President Donald Trump’s lawyer Rudy Giuliani said on Thursday he doubted the veracity of a bombshell NBC News report from earlier in the day that federal authorities wiretapped the president’s longtime counsel, Michael Cohen.
“Us lawyers have talked about it, we don’t believe it’s true,” Giuliani told The Daily Beast. “We think it’s going to turn out to be untrue because it would be totally illegal. You can’t wiretap a lawyer, you certainly can’t wiretap his client who’s not involved in the investigation. No one has suggested that Trump was involved in that investigation. So they’re going to wiretap the lawyer, his client, and his client the president of the United States? I don’t think so, not if they want to stay out of jail. Disclosing a wiretap is a federal felony. I never took ’em home when I was a U.S. attorney.”
Giuliani said that he found out about the wiretap news from NBC News’ report, which cited “two people with knowledge of the legal proceedings,” and not from Cohen himself. Later on Thursday, NBC corrected its report to say that while the feds were able to monitor Cohen’s calls they were not listening in on them.
Giuliani said he believed someone in the Justice Department was behind the initial leak.
“Nobody else would know about it,” Giuliani said. “Cohen didn’t know about it, so it has to be the FBI, the independent counsel, or the Justice Department.
“Anybody who says that I’m exaggerating when I say that this is an out-of-control investigation and they’re acting like storm troopers—give me a break, baby! They prove it every day.”
Though Giuliani insisted otherwise, lawyers can, in fact, be wiretapped under special circumstances, according to legal experts.
“There are limitations on intercepting attorney-client conversations and if you do intercept one, what they’re supposed to do is segregate that conversation and present it to the judge,” Ken White, a former federal prosecutor, told The Daily Beast. White said the same policy doesn’t strictly ban the wiretapping of lawyers.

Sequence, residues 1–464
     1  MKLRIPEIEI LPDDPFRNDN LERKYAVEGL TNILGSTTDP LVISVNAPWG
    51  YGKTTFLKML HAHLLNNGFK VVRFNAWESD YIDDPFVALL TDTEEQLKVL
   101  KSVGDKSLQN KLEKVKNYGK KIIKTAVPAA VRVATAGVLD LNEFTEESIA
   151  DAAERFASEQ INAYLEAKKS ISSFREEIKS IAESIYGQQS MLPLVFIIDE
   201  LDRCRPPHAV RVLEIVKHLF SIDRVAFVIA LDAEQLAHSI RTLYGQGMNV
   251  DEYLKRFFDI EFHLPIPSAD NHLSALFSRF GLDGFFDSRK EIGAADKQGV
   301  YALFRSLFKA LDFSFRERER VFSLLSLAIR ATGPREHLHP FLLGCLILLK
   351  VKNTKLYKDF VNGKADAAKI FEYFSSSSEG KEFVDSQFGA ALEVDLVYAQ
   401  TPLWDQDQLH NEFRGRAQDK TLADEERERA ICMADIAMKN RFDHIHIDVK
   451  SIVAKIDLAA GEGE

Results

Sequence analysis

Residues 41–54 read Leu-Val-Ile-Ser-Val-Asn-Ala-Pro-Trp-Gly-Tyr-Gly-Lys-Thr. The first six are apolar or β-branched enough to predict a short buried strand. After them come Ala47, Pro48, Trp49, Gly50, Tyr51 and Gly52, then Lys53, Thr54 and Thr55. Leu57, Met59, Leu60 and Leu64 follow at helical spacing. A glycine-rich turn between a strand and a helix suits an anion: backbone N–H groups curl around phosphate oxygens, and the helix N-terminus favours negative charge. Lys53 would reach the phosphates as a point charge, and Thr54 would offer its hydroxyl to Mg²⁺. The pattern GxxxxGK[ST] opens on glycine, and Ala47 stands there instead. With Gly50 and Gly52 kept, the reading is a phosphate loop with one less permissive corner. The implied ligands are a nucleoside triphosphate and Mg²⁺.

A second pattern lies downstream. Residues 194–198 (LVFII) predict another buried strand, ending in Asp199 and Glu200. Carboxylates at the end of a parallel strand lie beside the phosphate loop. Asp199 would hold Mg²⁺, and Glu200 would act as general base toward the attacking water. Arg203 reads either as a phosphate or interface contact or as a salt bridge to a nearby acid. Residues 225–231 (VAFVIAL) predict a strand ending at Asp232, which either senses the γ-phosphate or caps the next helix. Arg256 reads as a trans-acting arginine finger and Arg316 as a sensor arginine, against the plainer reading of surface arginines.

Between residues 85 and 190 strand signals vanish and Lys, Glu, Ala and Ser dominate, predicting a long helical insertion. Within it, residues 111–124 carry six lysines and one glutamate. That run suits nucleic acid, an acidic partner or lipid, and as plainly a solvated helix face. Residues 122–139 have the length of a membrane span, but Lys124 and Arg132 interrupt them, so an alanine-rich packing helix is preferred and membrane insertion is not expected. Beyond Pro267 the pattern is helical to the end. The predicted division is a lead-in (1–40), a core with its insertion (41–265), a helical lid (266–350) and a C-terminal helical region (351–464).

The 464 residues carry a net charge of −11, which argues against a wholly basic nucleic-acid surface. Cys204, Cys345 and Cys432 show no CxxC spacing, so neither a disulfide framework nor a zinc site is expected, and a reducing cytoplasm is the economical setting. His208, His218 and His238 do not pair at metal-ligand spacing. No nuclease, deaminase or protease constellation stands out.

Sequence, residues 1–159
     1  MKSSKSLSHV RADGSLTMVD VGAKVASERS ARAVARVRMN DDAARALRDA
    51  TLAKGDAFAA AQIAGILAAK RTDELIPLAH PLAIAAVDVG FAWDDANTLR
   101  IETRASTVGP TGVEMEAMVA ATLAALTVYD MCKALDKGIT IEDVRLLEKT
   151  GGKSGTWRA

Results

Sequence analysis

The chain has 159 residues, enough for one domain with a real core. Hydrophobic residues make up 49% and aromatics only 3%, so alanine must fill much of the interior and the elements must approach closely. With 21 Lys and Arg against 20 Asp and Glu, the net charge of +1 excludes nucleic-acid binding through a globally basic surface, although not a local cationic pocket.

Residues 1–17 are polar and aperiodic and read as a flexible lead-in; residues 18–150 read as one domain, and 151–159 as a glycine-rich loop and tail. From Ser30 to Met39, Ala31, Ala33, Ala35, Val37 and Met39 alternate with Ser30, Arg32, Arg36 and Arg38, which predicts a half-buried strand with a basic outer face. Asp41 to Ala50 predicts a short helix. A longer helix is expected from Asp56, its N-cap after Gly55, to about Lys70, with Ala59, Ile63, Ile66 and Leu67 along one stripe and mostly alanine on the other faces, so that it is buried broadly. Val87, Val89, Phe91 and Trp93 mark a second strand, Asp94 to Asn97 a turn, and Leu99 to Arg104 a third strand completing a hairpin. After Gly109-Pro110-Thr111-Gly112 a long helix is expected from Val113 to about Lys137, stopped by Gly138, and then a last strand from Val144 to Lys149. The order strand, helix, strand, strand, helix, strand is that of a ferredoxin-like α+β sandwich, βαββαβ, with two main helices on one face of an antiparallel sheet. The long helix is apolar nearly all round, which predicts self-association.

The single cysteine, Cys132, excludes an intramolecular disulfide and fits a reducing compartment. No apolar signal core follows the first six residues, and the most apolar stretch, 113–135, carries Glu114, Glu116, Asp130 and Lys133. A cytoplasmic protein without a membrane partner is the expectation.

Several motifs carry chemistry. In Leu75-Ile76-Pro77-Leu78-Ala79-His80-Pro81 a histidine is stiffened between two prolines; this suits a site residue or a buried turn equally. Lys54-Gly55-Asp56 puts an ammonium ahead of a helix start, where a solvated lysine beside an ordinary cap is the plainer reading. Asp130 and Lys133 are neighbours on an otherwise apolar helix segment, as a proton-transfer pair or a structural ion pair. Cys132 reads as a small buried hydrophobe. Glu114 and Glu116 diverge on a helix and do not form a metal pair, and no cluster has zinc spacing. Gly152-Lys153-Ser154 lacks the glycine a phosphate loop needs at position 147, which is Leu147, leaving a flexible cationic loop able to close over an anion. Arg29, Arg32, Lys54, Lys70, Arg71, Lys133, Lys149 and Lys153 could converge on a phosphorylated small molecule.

“That sort of thing happens all the time if you’re doing mob wiretaps,” he said. “That would be the classic type of scenario, when they’re calling their lawyer or their fixer or whatever. But there’s not an absolute prohibition on wiretapping a lawyer.”
Renato Mariotti, another former federal prosecutor, said it’s “highly unusual” for the feds to wiretap lawyers.
“I don’t personally recall a time it was done,” he said. “I was a federal prosecutor for over nine years in Chicago, which is one of the biggest U.S. attorneys offices in the country, and I don’t personally know of a time when an attorney’s phone was wiretapped. But there’s no reason why it can’t be.”
Giuliani’s comments are the latest in a media blitz that has upended previous Trump-world talking points and caused ripple effects across a variety of legal and political fronts. Only recently added to Trump’s legal team, the former New York City mayor said that the Cohen news makes him even more hesitant to let the president sit down for an interview with special counsel Robert Mueller for his separate probe into Russia’s meddling in the 2016 election.
“Right now, the odds are against it,” he said. “Look at all of the bad faith we’re seeing here. And whether this wiretap story is true or not true, it’s bad faith to leak it. We should find out about this with a notification from the Justice Department, they’re wiretapping the president of the United States, they’re wiretapping a man talking to his lawyer and then they want us to cooperate? We’re not suckers.”
As of 2:30 p.m. on Thursday, Giuliani said he had yet to speak with Mueller’s team about the wiretapping news.
This piece has been updated with additional reporting.